maybe this mix needs some micronutrients and im sure there are plenty of beneficial microbes but it might not hurt to inoculate it with more just in case :439:
 

Jimmycricket

Nug of the Month: Feb 2014
I would do a mix, if you want to use nothing else at all then I would do 25% muck, 50% sand and then 5% of chicken, dead cow, soybean and 10% leaf.

However if I had access to all that and did not mind adding some extras i would use some perlite in and reduce the sand and up the muck. The sand would just be there to help drainage, but perlite is way better. Also myself I would add kelp as nothing there sounds like it has much or any Potash.
 

Jimmycricket

Nug of the Month: Feb 2014
Not really necessary to experiment, its already known what the general NPK and minerals are in all the things you listed.

They are all basically just nitrogen. The dead cows would also have some phos.

Chicken manure and soybean meal can have some P and K but not enough K for veg or flower and definitely not enough P for good flowering.
 

SmokingBowl

New Member
i think your right about the k deficiency in the compost i had this strange deficiency crop up in some beat up clones in veg potted in manure compost it looks like K or mg probably not P but its hard for me to say
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SmokingBowl

New Member
That being said about some deficiency in some half dead and abused clones here are some pics from a monster specimen i have growing directly in a compost pile half shaded even!!!!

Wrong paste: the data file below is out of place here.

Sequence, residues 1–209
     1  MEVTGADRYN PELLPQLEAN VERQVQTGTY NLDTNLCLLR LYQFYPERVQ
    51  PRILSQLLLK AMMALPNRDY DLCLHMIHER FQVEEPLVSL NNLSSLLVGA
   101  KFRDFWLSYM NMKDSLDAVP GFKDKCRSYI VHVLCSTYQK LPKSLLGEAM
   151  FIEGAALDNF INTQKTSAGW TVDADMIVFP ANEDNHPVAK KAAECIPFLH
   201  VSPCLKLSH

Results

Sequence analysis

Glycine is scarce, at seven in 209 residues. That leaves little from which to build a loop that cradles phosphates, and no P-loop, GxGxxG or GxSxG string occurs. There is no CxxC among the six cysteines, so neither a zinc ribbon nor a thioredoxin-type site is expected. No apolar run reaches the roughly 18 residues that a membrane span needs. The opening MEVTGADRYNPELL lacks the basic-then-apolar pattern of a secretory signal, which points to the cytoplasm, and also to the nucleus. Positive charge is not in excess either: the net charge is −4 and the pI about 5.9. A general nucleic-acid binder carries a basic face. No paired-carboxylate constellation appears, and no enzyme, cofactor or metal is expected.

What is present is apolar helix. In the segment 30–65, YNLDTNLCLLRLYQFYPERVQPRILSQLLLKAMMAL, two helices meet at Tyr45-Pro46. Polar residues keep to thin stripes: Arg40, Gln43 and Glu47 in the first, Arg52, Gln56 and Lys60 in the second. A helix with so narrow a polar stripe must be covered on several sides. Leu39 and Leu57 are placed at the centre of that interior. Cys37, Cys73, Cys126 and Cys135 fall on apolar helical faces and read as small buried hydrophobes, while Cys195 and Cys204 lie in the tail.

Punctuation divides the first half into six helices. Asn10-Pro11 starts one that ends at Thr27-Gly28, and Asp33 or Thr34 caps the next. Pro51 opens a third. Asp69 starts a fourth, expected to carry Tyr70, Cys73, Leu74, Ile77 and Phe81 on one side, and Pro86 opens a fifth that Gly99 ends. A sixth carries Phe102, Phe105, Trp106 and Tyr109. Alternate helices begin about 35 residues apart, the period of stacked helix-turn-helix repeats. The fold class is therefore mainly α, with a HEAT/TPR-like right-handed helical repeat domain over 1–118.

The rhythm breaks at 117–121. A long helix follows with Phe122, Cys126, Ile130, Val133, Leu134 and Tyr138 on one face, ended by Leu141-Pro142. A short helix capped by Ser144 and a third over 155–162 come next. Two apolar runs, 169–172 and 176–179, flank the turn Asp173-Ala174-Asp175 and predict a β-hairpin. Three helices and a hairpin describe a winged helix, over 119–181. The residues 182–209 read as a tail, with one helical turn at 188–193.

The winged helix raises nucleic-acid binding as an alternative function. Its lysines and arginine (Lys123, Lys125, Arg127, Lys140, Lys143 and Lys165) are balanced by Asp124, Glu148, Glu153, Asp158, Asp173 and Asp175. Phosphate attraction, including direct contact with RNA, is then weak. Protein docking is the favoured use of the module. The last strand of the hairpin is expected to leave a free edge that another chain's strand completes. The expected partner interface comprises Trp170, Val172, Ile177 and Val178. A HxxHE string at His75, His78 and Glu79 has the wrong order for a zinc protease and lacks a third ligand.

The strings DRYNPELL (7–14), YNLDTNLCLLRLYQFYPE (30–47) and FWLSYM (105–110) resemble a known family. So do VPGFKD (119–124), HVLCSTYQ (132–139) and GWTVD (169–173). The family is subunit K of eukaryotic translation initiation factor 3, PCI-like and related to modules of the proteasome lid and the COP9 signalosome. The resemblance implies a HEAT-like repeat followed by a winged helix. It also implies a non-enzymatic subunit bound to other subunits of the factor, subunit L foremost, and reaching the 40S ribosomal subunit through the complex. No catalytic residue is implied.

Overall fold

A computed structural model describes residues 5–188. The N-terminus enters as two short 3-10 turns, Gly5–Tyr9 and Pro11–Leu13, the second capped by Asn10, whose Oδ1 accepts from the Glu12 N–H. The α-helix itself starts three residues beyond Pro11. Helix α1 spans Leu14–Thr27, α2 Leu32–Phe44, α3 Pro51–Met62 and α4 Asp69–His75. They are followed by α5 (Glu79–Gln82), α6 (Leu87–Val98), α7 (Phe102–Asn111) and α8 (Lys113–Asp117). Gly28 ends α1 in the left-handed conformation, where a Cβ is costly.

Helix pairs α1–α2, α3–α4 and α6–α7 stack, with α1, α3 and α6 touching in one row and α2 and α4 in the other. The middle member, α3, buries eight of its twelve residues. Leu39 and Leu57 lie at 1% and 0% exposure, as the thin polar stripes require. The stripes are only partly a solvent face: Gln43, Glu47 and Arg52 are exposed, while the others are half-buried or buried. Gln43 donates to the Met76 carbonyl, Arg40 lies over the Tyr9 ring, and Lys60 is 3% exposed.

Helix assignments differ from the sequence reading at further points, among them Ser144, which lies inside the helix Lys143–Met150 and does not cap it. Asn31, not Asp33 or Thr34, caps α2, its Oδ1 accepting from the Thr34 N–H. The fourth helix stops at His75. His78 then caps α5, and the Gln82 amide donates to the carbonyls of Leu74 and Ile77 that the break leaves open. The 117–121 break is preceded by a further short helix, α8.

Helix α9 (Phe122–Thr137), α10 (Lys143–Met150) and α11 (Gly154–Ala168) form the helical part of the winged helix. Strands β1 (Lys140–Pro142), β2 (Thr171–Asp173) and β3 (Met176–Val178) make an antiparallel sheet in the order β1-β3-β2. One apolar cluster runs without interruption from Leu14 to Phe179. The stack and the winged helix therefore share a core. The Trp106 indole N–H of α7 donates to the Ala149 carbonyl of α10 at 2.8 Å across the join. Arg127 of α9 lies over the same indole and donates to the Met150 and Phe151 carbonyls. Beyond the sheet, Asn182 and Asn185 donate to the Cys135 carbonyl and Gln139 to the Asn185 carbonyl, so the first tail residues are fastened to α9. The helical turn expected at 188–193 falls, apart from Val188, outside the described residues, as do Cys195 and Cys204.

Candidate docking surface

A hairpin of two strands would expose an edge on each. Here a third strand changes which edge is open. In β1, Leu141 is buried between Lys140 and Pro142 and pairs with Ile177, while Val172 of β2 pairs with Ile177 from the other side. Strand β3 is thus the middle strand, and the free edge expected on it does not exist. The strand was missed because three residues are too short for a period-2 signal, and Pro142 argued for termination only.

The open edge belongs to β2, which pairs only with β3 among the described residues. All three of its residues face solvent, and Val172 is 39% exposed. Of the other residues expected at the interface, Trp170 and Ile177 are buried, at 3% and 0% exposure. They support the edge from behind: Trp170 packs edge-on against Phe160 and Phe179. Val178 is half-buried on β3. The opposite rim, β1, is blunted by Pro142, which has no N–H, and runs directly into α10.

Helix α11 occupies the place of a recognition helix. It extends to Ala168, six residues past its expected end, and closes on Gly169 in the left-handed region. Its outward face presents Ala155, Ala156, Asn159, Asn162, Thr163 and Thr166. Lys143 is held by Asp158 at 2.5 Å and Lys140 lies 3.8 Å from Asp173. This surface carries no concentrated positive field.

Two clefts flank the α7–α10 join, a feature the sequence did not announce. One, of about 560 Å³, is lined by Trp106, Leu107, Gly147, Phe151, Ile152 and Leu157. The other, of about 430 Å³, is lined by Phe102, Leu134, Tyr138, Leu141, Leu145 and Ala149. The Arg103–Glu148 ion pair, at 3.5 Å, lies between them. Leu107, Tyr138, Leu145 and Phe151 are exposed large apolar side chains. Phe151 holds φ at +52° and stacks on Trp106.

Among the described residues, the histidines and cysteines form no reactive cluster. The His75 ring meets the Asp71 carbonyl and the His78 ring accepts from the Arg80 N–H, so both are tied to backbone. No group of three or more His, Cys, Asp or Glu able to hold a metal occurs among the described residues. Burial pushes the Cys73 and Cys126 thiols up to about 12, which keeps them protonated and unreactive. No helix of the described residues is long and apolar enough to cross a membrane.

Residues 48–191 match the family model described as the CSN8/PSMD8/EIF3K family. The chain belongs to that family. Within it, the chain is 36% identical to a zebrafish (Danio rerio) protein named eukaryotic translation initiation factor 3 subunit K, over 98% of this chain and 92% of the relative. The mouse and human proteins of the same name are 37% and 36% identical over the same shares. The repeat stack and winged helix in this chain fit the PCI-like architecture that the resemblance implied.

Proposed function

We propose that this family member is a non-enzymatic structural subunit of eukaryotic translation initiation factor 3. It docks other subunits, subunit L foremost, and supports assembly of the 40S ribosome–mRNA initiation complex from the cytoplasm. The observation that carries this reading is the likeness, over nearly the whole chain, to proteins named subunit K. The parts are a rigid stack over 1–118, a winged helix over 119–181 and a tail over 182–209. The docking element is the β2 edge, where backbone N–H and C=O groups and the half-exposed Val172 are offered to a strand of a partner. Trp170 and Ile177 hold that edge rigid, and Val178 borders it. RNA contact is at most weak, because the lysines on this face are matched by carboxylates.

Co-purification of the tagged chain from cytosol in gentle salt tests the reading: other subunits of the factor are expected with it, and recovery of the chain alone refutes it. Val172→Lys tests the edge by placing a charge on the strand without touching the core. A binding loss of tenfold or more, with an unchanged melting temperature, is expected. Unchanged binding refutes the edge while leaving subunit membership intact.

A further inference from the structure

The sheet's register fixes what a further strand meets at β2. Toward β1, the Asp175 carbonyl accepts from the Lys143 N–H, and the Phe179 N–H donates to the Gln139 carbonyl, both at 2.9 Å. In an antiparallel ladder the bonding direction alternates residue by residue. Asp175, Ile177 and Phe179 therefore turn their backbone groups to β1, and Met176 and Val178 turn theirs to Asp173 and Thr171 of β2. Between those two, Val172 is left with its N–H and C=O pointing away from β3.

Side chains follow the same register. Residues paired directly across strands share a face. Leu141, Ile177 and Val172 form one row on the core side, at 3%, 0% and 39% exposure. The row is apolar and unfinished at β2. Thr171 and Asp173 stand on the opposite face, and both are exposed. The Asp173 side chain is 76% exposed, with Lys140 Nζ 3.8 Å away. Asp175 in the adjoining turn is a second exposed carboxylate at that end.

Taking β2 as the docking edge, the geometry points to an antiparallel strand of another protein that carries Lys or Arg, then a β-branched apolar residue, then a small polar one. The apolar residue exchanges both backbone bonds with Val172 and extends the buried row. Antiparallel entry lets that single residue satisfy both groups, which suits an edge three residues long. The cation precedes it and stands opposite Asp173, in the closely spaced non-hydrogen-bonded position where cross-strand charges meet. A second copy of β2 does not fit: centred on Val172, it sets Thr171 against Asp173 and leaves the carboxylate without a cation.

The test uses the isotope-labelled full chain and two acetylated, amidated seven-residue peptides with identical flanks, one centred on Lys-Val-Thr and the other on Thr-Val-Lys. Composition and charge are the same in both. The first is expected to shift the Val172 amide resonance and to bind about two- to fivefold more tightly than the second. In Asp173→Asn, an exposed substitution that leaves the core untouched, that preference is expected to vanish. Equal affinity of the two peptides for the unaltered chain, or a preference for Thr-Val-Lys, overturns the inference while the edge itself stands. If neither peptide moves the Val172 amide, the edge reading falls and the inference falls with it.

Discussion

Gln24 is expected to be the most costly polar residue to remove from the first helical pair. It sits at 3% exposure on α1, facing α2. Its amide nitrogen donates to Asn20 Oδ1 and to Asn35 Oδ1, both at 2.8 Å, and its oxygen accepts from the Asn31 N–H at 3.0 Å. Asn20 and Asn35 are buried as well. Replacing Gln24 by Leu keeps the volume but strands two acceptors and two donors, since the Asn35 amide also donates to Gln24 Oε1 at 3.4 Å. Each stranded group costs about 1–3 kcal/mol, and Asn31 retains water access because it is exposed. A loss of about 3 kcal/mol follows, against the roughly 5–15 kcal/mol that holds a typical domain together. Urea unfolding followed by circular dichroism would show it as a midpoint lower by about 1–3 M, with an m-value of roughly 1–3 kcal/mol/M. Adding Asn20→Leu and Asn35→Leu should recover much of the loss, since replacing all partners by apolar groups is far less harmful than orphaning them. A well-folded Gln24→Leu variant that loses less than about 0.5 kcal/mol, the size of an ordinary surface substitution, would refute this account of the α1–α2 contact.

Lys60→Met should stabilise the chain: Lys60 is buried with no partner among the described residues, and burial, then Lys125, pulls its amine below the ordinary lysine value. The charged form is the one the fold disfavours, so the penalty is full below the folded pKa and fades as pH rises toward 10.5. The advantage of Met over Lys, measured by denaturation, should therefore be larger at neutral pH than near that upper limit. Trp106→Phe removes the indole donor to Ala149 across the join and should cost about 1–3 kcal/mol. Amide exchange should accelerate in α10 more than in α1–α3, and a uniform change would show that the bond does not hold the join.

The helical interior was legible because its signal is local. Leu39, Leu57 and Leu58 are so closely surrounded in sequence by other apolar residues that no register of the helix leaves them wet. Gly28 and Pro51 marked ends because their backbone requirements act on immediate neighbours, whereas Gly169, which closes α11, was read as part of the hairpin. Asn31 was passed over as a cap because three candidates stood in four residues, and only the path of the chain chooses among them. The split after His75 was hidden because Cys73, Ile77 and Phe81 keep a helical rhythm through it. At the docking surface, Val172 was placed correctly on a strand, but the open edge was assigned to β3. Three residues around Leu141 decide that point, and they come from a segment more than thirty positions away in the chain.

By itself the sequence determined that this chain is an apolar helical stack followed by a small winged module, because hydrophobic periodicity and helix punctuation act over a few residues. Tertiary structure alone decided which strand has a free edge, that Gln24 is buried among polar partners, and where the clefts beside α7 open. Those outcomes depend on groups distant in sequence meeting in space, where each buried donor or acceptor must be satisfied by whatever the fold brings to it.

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this is a plant grown by digging a hole 15gal filled with compost to compare what unlimited compost can do
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Jimmycricket

Nug of the Month: Feb 2014
judging from the looks of that area the nativve soil is highly nutritious. That could be the reason it didnt seem to have any deficiencies.
 

SmokingBowl

New Member
so when container gardening the emphasis is on making a light airy mix that needs water often like with peat or coco growing, hydroponics also emphasizes unlimited air and water for the plants. so if i were to make a container of any size using my own composts/soil i would want it to be as light and airy as I possibly could I am thinking and simply water more often and as long as it was nice and fertile it should have faster growth than a heavier wetter soil right?
 

Jimmycricket

Nug of the Month: Feb 2014
Not really.

You just want it to never be soaking wet for prolonged periods of time, and of course not bone dry either.

Clay soils can grow great plants if they are just lightly watered and allowed to get pretty dry before the next watering.

airy soils are just easier as its pretty hard to have them so wet it slows growth or causes root rot. You would basically need to be watering all the time.